And it just keeps going! We transition over to the Optimus look-alike who just decides to attack a military base (it’s a different one than the one Fowler left at the beginning of the episode). It smashes up some choppers but eventually gets surrounded. This is clearly inspired by the Blackout attack from the first Transformers film, as the Optimus knockoff transforms in a slower, more deliberate manner (with a turnaround that resembles his film counterpart’s own initial transformation sequence). I do like how slowly this one transforms, as the Optimus model is one of my favorites on the show, and here we get to see all the little pieces move and it’s so cool! And it turns out that the not-Optimus robot can not only transform, but he can also speak, and he tells the military people that he’s in fact Optimus and that he’s here to kill them all… so again, not too dissimilar from his film counterpart! The fight itself is fairly epic, with many military personnel converging on the scene with tanks and copters and such, which is impressive especially considering that the animation guys don’t have a whole lot of time to whip up models for this show, so while the army people look kinda bland, some of this stuff is actually better than what we would get out the military models in Season Three.
As this battle’s going on, Fowler gets called about it, and he sends in the Autobots to deal with this threat… and oh look, they brought Optimus along, ‘casue that won’t end badly. Well, shockingly, this isn’t seen as some great rescue, because after the fake Optimus robot retreats, the military comes in with reinforcements and starts firing on the Autobots, thinking that this evil Optimus brought in reinforcements, and so the Autobots are forced to retreat.
Well, things are grim. Even Fowler’s rank (which remember is so awesome that he can just radio the freakin’ Pentagon whenever he wants something done) isn’t enough to stop the military from putting out a kill order for the Autobots. Wow. And to further tie this back to the film franchise, remember that Revenge of the Fallen and Dark of the Moon both had similar plots in mind with the military’s relationship with the Autobots, and this episode manages to do that, squeeze in a MECH story, and do this all in the span of twenty-two minutes.
This is where the episode transitions to being about MECH, actually, as Ratchet deduces that they’ve managed to “crack the code” about Cybertronian biology. This is also where the momentum kinda slips up here and there. For one thing, as we see Silas piloting the robot, he’s sitting in a chair and controlling it with an ‘80s controller system. It’s no small wonder Fowler will, later on in the episode, refer to it as “a video game”, because that’s pretty much what Silas is doing. And that’s a bit of a shame, and actually creates a pretty ridiculous story problem later on. Well, it seems that MECH’s testing of this faux Optimus was a success, and yeah, I think crippling the US military as a part of your plot to become the new tech powerhouse in the name of humanity is a logical step forward!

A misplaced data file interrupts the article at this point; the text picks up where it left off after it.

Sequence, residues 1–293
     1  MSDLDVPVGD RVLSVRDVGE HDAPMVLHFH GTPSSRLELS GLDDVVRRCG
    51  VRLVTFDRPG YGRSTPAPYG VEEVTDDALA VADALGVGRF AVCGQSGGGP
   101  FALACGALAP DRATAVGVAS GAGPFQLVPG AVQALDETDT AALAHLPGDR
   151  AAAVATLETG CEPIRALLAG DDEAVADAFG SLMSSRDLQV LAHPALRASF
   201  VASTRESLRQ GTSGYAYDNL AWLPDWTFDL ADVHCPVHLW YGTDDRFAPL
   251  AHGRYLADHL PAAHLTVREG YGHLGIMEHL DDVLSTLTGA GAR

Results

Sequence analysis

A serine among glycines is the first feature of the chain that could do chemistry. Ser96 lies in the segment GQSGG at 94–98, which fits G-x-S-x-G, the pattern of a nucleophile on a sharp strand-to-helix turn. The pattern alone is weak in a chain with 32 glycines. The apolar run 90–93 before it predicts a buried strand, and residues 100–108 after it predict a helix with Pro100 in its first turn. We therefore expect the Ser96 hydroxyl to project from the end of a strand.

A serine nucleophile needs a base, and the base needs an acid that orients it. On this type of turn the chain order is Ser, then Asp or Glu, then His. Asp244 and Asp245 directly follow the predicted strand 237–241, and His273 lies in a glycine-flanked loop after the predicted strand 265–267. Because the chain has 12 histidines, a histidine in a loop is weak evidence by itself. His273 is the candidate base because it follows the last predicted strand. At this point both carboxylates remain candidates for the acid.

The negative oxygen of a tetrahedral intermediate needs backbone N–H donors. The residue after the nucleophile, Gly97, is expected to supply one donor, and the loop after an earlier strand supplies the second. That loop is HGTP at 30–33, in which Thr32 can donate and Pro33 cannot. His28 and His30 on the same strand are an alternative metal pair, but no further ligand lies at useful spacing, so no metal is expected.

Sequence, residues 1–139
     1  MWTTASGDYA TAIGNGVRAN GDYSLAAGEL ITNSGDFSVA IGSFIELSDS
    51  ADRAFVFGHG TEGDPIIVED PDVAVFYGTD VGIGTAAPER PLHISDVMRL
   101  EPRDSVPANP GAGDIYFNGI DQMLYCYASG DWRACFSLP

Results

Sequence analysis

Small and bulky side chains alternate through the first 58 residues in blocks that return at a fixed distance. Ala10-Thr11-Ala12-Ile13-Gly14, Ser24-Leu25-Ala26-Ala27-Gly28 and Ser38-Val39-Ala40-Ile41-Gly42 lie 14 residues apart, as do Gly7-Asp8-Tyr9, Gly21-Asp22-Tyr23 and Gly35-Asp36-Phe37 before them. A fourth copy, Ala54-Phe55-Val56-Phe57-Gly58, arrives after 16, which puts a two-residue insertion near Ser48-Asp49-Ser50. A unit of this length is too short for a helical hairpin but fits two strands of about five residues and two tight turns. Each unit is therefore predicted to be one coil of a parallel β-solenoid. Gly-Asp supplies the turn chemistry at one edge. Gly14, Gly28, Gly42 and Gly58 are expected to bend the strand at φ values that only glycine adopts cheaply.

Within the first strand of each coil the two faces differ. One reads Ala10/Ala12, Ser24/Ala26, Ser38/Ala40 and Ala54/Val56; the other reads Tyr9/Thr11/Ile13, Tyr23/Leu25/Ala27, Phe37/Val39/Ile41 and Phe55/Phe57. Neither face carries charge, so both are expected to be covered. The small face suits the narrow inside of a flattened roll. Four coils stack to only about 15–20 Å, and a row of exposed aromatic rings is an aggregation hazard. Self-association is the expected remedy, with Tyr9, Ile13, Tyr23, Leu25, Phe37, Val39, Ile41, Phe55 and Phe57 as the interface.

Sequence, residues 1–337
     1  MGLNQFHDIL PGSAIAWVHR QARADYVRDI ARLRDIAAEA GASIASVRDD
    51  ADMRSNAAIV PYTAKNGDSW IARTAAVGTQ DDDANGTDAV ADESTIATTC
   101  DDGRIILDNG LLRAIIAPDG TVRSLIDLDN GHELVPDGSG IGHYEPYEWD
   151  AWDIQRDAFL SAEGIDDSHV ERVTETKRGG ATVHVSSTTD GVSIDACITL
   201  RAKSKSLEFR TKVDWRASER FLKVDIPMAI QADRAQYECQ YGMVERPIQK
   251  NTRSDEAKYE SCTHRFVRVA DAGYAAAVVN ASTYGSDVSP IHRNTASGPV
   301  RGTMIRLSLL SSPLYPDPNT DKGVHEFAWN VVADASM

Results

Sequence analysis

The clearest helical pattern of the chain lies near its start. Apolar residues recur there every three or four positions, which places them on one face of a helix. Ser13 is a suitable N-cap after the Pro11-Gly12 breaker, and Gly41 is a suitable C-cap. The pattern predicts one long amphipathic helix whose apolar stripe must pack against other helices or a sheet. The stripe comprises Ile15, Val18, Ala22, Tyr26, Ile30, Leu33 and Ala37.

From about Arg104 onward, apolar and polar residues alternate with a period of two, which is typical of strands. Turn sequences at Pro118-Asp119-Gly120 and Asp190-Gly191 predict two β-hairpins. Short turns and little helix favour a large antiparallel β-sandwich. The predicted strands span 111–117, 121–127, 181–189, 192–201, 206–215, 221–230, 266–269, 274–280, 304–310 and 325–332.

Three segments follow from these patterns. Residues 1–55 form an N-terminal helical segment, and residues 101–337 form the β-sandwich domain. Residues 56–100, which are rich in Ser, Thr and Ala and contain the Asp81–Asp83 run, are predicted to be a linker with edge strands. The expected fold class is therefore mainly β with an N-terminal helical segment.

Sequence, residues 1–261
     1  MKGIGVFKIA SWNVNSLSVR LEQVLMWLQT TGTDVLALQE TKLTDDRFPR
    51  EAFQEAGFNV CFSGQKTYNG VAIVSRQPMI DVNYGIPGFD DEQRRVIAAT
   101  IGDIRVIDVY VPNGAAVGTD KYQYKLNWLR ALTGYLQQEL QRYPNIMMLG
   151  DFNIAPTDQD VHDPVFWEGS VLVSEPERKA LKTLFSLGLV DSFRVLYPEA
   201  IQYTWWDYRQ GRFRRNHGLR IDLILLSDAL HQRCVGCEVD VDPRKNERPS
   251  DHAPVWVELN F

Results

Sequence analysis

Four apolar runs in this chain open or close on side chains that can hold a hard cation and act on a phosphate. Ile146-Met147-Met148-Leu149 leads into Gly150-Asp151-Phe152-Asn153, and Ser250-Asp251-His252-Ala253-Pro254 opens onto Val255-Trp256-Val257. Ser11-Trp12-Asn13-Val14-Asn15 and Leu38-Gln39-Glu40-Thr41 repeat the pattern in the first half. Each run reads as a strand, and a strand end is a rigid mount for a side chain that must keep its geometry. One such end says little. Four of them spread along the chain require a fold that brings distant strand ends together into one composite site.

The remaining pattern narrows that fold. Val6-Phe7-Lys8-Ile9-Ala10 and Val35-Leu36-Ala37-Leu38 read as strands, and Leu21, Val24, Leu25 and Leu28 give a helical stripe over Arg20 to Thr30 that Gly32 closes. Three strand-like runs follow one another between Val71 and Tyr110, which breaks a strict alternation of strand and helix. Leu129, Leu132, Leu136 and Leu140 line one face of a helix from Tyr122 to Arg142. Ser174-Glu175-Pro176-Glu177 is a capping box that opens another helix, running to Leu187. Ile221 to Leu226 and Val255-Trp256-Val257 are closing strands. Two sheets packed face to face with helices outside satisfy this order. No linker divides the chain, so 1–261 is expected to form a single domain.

Ratchet reminds the audience of what MECH’s been up to since their introductory episode, recounting how they captured Breakdown and then managed to get their hands on Starscream’s T-Cog, and thus were ready to begin building their own robot, and who better to base their design off of than a dude who was willing just last episode to use a WMD that sucks out his species’ hearts to end the war, eh? Miko’s nice enough to finally give this Optimus knockoff a name (“Nemesis Prime”), which then Ratchet snatches up without even giving thanks. They do have some good news though: MECH’s base of operations has to be within driving distance of both the opening car chase and the recent base attack, since they don’t possess teleportation tech, so that’s good. That’s also a bit of smart writing; it would’ve been easy to just have them be anywhere and have Ratchet pinpoint their location using technobabble, but this way offers us a more realistic problem-solving approach.
Fowler’s ready to put some hurt on MECH, but Optimus insists that he remains here at base, reasoning that MECH’s robot just might hold a grudge and come after him again. Fowler’s counterargument is a bit more sensible, that he doesn’t want the Autobots running around with a kill order on their heads. But Optimus insists that they’ll maintain vehicle cover until the time is right, plus they’re heading out under cover of night, so that’s good. Optimus himself isn’t going out there, right? I mean, he’s the most likely target, and the military likely knows what his vehicle mode looks like… oh, never mind, I guess he is going out there.
Well, they all go on this search, and Bumblebee’s the first one to find something out here, and it just so happens to be the MECH base. A bit of a long shot, but we’ll let it slide. Optimus orders him to proceed with extreme caution and that the rest of them will be there shortly. Silas puts Nemesis Prime into action, masquerading as Optimus to try and throw Bumblebee off, but ‘Bee only speaks in bleep bloop for right now, so when Nemesis doesn’t understand him, that’s tip enough for Bumblebee to start a’shootin’! It’s a quick fight, though; a few punches and a kick are all it takes to knock the poor scout out. The rest of the Autobots arrive on the scene, with no sign of Bumblebee or Nemesis Prime, so Optimus gives a good order: